Memories of Dad’s Army
With the recent launch of the film version of Dad’s Army, it has re-kindled my childhood memories of the period.
Perhaps your readers may like to share them.
My dad, an engineer fitter, was in what was known as a ‘reserve occupation’, but he still had to do his bit and one of his duties was that of an ARP officer.
This meant that he had to ensure that, as darkness fell, there were no chinks of light showing through the blackout curtains, which everyone had to have.
It wasn’t a popular thing to have to do, because invariably, people would just be settling down for the night, perhaps having a meal or playing cards, when the knock would come on the window pane.
“Light showing, close the blackout”, and this was not a request but an order. If anyone objected, they would be told in no uncertain terms that “Gerry, (the Germans), could see the speck of light from miles away and we could all be bombed out of existence”.
On one occasion there was great excitement amongst us children because the members of the ARP had obtained a small incendiary device and were going to practise putting out the resulting fire. All the children had been warned to keep well away from the detonation, so, of course, we all sat on the wall to watch!
The device went off with a ‘whoosh’ and fierce flames burnt brightly. A siren sounded and the ARP members came running out with the only fire-fighting equipment available – a bucket of water and a stirrup pump!
Water was splashed everywhere as the men argued as to who should hold the bucket and who should do the pumping. A human chain was quickly formed and further buckets of water were brought to the scene, only most of them were by then only half full. By this time, the men were soaking wet and getting more bad-tempered.
On another occasion, dad came home from work, after being on night-shift, and told us how, for part of the night, he and some of the other workers had to patrol the perimeter of the factory.
There was always the risk that saboteurs may break in and attempt to destroy the factory, it being involved in producing goods for the war effort.
As they patrolled, on this very dark night, a rustling sound was heard coming from the hedgerow bordering the pathway they were patrolling. They only had broomsticks and a pickaxe handle as weapons and it was with some trepidation that they issued the command, “Halt. Who goes there?” There was no response, which made them more nervous than ever. After a moment or two clinging closely together, a further command was issued.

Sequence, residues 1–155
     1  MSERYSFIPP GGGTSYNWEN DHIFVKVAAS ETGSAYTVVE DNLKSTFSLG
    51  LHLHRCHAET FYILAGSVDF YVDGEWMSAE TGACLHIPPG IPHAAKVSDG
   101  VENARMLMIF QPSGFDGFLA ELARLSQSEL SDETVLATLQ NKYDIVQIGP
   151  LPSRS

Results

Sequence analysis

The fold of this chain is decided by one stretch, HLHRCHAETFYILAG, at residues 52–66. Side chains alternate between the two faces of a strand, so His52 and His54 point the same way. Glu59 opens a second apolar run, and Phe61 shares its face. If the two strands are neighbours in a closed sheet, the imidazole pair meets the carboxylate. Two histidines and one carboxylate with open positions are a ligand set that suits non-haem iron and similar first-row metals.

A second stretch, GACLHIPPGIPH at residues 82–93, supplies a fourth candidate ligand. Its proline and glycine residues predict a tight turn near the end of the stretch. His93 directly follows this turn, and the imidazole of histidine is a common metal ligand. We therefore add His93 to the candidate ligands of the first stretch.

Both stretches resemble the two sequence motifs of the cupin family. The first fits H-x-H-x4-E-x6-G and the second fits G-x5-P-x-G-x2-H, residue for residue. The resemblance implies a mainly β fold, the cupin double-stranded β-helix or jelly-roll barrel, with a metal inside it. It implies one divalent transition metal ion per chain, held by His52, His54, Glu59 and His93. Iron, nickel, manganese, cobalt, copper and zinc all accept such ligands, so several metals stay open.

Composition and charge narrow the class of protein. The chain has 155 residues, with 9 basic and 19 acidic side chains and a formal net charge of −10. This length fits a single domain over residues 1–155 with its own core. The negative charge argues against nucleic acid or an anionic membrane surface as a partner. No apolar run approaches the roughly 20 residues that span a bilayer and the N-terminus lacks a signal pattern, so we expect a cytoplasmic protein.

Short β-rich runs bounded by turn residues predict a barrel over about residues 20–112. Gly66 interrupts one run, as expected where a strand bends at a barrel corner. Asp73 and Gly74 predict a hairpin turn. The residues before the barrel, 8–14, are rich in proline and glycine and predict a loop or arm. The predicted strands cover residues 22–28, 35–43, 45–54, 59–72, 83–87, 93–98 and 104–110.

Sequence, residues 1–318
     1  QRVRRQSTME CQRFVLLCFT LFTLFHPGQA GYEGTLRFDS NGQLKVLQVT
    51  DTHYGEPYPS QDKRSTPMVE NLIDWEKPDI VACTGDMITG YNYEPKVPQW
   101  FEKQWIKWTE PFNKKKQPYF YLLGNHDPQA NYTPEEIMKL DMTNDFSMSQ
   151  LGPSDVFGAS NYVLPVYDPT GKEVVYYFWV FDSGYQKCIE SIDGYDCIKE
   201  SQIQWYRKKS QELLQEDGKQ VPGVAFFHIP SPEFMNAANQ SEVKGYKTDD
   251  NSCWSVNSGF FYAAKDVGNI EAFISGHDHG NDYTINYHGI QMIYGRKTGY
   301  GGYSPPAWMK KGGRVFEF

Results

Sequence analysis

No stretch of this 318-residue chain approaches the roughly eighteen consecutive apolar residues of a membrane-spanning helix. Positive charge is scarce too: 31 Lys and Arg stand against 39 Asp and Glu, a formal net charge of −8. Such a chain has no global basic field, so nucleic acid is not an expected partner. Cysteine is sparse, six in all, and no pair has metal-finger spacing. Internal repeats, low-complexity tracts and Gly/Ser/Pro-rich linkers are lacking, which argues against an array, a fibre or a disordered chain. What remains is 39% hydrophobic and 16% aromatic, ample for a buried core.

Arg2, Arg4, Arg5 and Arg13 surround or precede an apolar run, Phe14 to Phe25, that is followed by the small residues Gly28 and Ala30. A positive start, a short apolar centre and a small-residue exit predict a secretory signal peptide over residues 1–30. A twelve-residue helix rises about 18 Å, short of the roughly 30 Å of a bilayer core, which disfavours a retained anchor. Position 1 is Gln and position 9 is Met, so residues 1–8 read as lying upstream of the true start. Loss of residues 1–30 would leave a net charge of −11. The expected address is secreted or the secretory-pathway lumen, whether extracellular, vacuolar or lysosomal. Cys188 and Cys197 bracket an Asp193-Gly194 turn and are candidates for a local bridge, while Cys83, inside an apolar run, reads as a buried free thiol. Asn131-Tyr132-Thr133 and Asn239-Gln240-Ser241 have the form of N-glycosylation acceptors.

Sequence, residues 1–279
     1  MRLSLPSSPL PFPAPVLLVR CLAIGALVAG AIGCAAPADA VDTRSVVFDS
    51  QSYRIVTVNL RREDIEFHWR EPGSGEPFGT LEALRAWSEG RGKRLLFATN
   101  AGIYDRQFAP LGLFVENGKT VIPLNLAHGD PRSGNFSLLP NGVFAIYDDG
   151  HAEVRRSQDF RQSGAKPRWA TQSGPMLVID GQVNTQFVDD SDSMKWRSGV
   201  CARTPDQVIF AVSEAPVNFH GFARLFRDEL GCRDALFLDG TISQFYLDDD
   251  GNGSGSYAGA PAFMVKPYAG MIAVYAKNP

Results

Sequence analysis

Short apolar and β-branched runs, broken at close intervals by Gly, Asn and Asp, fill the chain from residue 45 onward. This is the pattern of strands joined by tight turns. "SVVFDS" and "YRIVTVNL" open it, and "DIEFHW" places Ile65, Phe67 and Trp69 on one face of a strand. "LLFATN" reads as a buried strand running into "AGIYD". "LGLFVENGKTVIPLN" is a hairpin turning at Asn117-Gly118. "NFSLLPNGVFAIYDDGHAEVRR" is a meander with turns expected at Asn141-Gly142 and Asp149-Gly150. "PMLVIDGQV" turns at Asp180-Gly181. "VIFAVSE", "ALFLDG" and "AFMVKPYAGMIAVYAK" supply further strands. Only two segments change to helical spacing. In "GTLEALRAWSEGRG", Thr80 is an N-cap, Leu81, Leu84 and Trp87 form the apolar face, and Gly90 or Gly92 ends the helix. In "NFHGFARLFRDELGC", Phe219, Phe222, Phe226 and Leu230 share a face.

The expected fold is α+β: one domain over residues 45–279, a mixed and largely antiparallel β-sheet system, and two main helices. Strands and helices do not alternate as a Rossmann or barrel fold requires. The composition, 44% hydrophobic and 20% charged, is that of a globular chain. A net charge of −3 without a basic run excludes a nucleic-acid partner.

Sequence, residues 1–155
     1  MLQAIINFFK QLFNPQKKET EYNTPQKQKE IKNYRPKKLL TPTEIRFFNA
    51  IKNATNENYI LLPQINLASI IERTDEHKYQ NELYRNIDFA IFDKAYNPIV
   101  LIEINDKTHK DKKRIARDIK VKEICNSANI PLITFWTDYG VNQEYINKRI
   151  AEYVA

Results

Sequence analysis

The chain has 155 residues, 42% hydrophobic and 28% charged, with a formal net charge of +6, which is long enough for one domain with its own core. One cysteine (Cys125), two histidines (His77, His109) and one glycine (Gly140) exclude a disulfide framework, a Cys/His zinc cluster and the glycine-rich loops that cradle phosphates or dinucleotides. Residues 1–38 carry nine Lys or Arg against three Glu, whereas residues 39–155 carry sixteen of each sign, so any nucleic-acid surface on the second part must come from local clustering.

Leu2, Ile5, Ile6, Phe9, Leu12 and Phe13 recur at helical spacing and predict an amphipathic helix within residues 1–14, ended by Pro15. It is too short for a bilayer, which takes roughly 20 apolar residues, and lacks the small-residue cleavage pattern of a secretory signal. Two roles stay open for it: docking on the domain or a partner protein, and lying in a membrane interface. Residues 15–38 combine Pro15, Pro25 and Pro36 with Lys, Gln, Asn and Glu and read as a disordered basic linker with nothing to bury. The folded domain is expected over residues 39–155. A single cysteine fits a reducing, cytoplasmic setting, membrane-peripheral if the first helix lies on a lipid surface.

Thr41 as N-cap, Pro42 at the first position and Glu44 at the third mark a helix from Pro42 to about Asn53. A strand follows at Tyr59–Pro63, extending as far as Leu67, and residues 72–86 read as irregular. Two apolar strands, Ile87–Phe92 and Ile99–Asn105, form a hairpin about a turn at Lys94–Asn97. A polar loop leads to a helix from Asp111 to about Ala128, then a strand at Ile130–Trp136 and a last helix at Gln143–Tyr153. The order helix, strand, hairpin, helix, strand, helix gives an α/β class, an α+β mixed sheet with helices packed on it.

“Come on, we know you are there, show yourself.”
After a brief moment of further silence, there was more rustling in the bushes and a loud “moo” as the cow from the field next door extricated itself from the bushes!
Such was the shock and relief of those patrolling that they legged it very fast to the safety and warmth of the canteen, where they quickly related their experience to the others who were present. This was greeted with much laughter, which helped to ease the frightened state the patrol was now in.
No wonder I always enjoy watching the series Dad’s Army on the television. It really was so true to life. If the Germans had only known how ill-prepared we were, they would have marched all over us at an early date.
Graham Archer, Chorley
It’s reserves not revenues
My letter (LEP February 6) should have read “Could someone from Lancashire County Council please explain, through your pages, how they can justify such vicious cuts to vital rural services, when they have reserves of £300m, plus £96m of school reserves.”
Mrs S Rimmer, Knott End On Sea
Make station more accessible
I was pleased to read about Network Rail’s plans to upgrade Chorley Railway Station (LEP January 30).
Network Rail’s spokesman states that £1bn is being spent in the north of England, and to accommodate faster trains, platform upgrades at Chorley need to take place.
I hope the improvements include a lift on each platform to allow wheelchair-users, people with prams, and the disabled, to access the opposite side of the station without having to use either the very steep, horrible Victorian underpass to Friday Street, then walk on the road (no pavement, no dropped kerbs) to the station entrance, or walk the very long way to Friday Street, under the line and back to the opposite station entrance.
There are steps and an underpass on the platform, but they are of no use to wheelchair-users or those with prams.
I am a member of Chorley Civic Society, and we have been trying to bring this to the notice of Northern Rail, which operates the line, for almost six months.
If any member of the public has had difficulty in using the underpass, or the steps, to reach the opposite side, please contact me on firstname.lastname@example.org or 01772 600368.
Kath Almond, Croston
Whales and wind turbines
The death of so many sperm whales in our North Sea waters is very distressing.
Is it possible that the numerous offshore wind turbines in these waters have affected the navigation system of these animals, causing them to flounder in shallow waters?
Stephanie Shield via email
Bill only fair to ‘Etonians’
The Government’s Trade Union Bill is nowt of the sort.
It’s an attempt to push through a one-sided biased reform of party funding – but excluding the Conservatives.
This Bill will slash union donations to Labour while wealthy donors are free to plough cash into Conservative party coffers.
Sounds fair enough – to Old Etonians.